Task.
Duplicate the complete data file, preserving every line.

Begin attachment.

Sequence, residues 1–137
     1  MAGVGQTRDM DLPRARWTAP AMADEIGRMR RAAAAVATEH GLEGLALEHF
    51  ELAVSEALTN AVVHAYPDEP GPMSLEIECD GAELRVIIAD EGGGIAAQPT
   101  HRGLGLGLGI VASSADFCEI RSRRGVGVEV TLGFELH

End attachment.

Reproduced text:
Sequence, residues 1–137
     1  MAGVGQTRDM DLPRARWTAP AMADEIGRMR RAAAAVATEH GLEGLALEHF
    51  ELAVSEALTN AVVHAYPDEP GPMSLEIECD GAELRVIIAD EGGGIAAQPT
   101  HRGLGLGLGI VASSADFCEI RSRRGVGVEV TLGFELH